Knowledge to be developed about interactions between ORE and flying wildlife
Understanding the interactions between flying wild and offshore renewable energies is an issue that is still poorly understood, requiring improved knowledge and the development of monitoring technologies. The initial approach consists of carrying out an inventory of knowledge based on bibliographical research and the involvement of networks of expert ornithologists and chiropterologists. It is based on three axes:
- Carrying out a state of the art study on the ecology of the avifauna present in the areas where future farms will be installed (phenology, habitat use, issues);
- Synthesising knowledge on existing monitoring integrating all the technologies deployed;
- Identifying the general interactions (risks and level of intensity) between offshore wind farms and birds according to the different stages of project life (exploration, installation, operation, maintenance, decommissioning).
This first step is essential to precisely identify knowledge gaps and prioritise study needs.
Significant issues regarding maritime spatial planning
The purpose of maritime spatial planning is to ensure the maintenance and development of activities at sea through coherent cross-sectoral and cross-border management. Thus, in French metropolitan waters, vocation maps for the development of offshore wind farms have been produced. In these pre-identified areas, a process of evaluation of the economic and environmental issues is being implemented in order to determine areas with fewer constraints in which calls for tenders will be carried out. France Energies Marines is involved in this process by supporting the acquisition of knowledge and contributing to the public debates organised upstream of the ORE projects. The Institute also participates in international working groups dedicated to the qualification and quantification of avifauna issues (CEAF, WREN). France Energies Marines is thus working to take these issues into account in the development of offshore wind farms.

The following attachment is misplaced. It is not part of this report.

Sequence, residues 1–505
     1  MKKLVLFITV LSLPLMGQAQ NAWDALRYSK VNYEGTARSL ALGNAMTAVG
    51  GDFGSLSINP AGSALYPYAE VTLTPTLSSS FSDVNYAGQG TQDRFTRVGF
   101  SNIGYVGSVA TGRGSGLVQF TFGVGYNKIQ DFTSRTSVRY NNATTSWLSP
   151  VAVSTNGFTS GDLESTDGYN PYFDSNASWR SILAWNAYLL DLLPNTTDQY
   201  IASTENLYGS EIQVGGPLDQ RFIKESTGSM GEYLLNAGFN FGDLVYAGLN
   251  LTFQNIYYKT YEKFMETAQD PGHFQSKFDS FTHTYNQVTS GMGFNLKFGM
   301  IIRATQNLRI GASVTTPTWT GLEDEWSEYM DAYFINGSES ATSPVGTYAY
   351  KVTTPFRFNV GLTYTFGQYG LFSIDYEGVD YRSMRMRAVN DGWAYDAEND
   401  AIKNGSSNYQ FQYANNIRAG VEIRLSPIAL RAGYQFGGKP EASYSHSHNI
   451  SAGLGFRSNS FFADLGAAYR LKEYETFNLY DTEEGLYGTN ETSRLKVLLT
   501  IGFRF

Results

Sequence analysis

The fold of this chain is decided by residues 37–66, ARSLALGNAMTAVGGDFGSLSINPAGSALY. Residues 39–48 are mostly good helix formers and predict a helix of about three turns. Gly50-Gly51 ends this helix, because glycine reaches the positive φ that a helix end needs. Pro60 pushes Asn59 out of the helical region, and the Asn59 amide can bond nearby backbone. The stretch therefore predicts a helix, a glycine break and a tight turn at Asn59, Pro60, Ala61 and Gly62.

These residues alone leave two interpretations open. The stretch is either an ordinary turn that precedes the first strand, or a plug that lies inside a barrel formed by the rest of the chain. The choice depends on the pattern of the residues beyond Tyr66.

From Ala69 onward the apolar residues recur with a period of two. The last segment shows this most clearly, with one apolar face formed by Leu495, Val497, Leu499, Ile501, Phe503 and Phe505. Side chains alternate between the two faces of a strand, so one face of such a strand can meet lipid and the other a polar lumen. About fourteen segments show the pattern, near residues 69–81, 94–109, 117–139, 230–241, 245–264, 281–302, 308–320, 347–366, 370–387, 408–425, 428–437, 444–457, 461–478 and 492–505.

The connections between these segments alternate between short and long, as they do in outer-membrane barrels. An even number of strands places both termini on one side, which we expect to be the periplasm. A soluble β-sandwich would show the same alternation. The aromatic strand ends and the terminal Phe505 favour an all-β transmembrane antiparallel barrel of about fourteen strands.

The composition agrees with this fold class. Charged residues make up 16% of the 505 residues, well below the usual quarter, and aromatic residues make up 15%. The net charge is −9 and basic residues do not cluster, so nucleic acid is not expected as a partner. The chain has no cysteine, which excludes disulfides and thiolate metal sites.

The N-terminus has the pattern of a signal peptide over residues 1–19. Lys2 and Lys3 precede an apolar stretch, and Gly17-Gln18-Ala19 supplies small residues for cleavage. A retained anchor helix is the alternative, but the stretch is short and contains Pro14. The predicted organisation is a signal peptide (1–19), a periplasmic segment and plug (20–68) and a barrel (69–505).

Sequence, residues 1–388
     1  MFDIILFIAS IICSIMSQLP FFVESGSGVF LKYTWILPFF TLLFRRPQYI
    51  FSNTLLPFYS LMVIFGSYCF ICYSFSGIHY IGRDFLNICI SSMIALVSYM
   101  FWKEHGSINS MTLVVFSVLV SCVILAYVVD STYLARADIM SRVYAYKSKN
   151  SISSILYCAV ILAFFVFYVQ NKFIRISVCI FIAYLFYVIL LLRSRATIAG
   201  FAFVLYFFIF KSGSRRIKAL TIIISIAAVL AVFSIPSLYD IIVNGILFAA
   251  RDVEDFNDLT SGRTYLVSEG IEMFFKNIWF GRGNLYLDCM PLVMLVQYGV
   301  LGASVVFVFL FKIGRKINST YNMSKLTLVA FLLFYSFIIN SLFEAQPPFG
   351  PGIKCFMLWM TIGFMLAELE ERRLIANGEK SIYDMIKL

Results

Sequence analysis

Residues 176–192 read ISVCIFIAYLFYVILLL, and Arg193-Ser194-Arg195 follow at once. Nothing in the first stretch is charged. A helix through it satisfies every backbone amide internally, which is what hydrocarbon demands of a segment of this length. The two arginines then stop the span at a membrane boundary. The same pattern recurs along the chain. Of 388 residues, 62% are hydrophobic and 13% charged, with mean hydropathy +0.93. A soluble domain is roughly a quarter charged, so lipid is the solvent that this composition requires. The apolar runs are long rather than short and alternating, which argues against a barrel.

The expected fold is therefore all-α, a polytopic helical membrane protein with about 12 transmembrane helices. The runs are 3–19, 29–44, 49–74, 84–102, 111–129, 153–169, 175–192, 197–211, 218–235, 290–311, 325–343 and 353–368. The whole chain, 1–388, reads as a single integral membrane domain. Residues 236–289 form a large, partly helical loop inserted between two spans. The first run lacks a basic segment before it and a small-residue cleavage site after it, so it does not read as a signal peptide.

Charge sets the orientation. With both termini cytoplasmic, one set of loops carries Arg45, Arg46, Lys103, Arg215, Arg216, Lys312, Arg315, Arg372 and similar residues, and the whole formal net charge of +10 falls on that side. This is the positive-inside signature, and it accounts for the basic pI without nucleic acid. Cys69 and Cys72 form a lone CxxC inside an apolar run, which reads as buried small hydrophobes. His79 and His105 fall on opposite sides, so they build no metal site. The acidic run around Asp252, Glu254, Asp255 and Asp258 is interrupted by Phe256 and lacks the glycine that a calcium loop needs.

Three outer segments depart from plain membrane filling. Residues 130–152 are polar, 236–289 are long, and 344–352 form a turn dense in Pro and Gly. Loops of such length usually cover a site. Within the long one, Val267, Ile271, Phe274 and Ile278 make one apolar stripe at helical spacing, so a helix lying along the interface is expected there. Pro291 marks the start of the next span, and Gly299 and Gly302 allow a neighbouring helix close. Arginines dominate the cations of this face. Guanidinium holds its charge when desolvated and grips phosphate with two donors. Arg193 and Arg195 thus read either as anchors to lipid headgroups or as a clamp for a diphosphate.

Setting up a flying wildlife observatory architecture
The monitoring of seabirds and migratory birds is a major component for the integration of wind and tidal turbines at sea, as the behaviour of these animals at sea remains poorly known. The technological revolution of recent decades has led to the development and miniaturisation of high-performance devices for direct monitoring in the natural environment (e.g. bio-logging). At the same time, new methods for passive monitoring of avifauna have been developed (e.g. radar, passive acoustics). In collaboration with numerous partners, France Energies Marines is working on a global architecture of complementary instruments dedicated to the observation of avifauna in the Mediterranean Sea (ORNIT-EOF project). The ecological knowledge that will be acquired will enable the environmental integration of ORE to be further optimised: migration routes, use of the marine habitat, speeds, height of flight…
Developing technologies adapted to the monitoring of sensitive avifauna
Despite technological progress, the monitoring of birds in the wild faces significant operational difficulties, in particular because of the necessary compromise between the quality of the data collected, the degree of impact of the instrument on the animal and the financial cost of monitoring. The bio-logging technologies available to date do not meet all the needs, particularly for medium to small species (e.g. shearwaters). By relying on recognised experts and cutting-edge technologies, France Energies Marines is involved in the development of innovative instruments that can be.
Photo credit: Gigra / AdobeStock
Development of an innovative geolocation tag for seabirds
Prefiguration of an observatory of the Gulf of Lion birdlife in interaction with floating offshore wind farms
Training in the field of offshore renewable energies
Research Fellow on Avifauna and Offshore Renewable Energies
Sophie de Grissac
Research Fellow on Interactions between Avifauna and ORE projects